If you flip hands then for sure you lose pressure in PP#3 before you reach the ball. Focus, focus, and focus on that pressure until you feel it’s there PAST impact.

    It seems that you may already know the Lag feel. The problem seems to be with the “sustain” part: On full swings, you manage to create Lag at the beginning of the downswing but fail to sustain it through impact.

    The second key is to think heavy instead of speedy: On full strokes, once your hands have reached their top speed you cannot go any faster without flipping – this is your personal limit.
    So what can you do to send the ball the expected yardage?
    The key is to increase “mass” instead of speed.

    Think about this analogy: for the same speed do you prefer to get struck by a fly or a car?
    Pretty rough but I’m sure you’ll get the idea.

    Heaviness feel is directly related to the pressure felt in PP#3. So again, focus on that spot, create pressure at the start of the downswing and keep it there (even better if you can increase it!) until the end of the followthrough.
    Feel slow and heavy.

    And come back anytime, we are always open ;-)

  10. Grover Grover says:

    Erik,
    I want to echo your hopes for an active site here. This site connected a lot of dots for me. The geometry stuff just makes sense. I began a very productive journey of learning the alignments – on a table top with two straight sticks or broken shafts, I could see the simplicity of turning my left palm to the plane. I was so right-side dominant in 20 years of golf I never was tuned in to the role of both hands. It was eye-opening to try different “intentions” at the range, focusing on say; throwing, with light extensor action, the left arm,palm down to plane & expecting to hit the ball with the back of the hosel. It is fun just swinging = down = and letting the pivot take care of the out/forward.

    So I like to read or watch clips that express TGM concepts in varied ways (search Ben Doyle, Tom Tomasello, and then dig into Lynn Blake – his website is both a treasure and fun to read!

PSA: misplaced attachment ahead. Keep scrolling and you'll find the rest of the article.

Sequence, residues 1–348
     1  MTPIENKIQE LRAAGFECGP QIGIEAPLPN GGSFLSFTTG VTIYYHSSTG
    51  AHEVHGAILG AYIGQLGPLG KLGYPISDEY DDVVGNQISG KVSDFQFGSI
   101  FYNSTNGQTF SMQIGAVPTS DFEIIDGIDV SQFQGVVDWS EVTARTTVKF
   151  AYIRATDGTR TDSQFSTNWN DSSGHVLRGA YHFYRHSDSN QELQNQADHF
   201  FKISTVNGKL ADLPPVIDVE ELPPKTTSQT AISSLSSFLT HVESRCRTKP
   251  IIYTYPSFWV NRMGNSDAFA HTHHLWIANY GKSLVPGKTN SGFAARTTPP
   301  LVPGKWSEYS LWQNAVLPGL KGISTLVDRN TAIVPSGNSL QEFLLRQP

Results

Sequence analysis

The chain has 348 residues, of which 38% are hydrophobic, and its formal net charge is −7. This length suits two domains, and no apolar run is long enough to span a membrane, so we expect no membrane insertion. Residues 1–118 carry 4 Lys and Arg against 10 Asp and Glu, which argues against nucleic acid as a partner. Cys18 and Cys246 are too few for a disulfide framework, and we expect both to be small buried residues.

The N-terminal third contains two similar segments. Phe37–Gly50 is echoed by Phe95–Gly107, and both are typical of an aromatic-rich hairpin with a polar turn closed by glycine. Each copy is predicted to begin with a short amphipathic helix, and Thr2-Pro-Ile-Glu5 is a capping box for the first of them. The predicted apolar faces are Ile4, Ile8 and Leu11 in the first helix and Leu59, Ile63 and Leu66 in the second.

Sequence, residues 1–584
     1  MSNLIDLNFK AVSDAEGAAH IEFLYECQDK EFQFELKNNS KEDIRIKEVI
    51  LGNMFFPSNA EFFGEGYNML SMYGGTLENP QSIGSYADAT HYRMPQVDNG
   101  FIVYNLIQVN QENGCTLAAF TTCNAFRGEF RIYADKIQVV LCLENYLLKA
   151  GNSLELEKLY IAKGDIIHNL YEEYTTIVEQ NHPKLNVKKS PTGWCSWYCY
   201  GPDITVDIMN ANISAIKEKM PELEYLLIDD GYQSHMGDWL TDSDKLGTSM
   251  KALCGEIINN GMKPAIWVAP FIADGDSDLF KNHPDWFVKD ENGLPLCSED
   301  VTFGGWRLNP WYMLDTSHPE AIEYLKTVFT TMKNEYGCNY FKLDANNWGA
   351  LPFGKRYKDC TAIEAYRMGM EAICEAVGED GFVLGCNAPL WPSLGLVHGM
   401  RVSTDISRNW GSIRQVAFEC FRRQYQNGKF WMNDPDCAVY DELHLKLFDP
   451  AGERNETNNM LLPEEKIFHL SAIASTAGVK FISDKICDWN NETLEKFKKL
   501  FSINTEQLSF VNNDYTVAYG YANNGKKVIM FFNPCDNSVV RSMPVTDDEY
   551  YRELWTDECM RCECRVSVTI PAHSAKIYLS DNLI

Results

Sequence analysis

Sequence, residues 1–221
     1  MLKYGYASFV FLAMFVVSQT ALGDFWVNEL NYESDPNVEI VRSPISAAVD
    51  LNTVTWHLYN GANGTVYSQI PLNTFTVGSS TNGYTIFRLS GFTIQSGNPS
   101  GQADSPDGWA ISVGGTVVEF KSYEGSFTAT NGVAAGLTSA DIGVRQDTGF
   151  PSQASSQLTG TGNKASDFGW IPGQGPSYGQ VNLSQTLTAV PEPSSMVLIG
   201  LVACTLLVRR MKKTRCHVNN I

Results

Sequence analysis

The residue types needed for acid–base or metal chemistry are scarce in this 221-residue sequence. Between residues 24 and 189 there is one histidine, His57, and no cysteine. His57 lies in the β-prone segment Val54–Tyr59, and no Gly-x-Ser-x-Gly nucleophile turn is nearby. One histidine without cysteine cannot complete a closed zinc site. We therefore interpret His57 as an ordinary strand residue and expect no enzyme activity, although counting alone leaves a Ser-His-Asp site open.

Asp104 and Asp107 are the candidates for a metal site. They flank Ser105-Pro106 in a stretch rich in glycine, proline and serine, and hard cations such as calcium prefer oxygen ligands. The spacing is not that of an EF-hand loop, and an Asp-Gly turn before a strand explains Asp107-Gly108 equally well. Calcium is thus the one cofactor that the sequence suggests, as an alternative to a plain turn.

A lot of good comments above your post – jot down a few & take them to the range with you. This is the real stuff! – hope you stick with it to find your own magic.

    PS Also google ‘EdZ Drills’ I had a breakthrough using a couple of ideas he posted on LynnBlakeGolf.

  11. Erik Erik says:

    I see there hasn’t been a post on this thread for about 6 months. I REALLY hope that it is still monitored.

    I’ve been taking lessons for the last couple of months and we have reached a point where we are stuck on trying to create lag. No matter what my pro says, I just don’t seem to get how to do it. Given this difficulty I searched out another way of describing this and stumbled across the site.

    I went to the practice simulator today and hit about 100 balls just working on this idea. I feel like I’m making a bit of progress but it seems really slow. I probably hit 90 of the 100 shots as half swings (shaft to vertical) and I can see that I’m in good positions (the simulator has cameras). However if I try and crank it up even to a slow light full swing back comes the hand stop and flip to square the club face. I know that I can’t expect it to happen instantly, but it seems insanely difficult to carry that hands forward motion into a full swing. Any tips on how to expand from the half swing to the full swing yet still keep this good position?

  12. dre park dre park says:

    it’s just amazing how different your info is compared to the standard drivel found in magazines like golf digest. i swear i will never watch another episode on golf channel.
    your reply to innercityteacher made me think about club throwaway. could you please explain further your remark, “initiating the throw of clubhead by straightening your right arm you ensure engagement of centrifugal force”. would this apply to a hitter?

    • Thanks Dre and welcome aboard!

      Read this (again!) regarding the clubhead throw: http://www.golflagtips.com/hitting-vs-swinging-part-2-the-swing/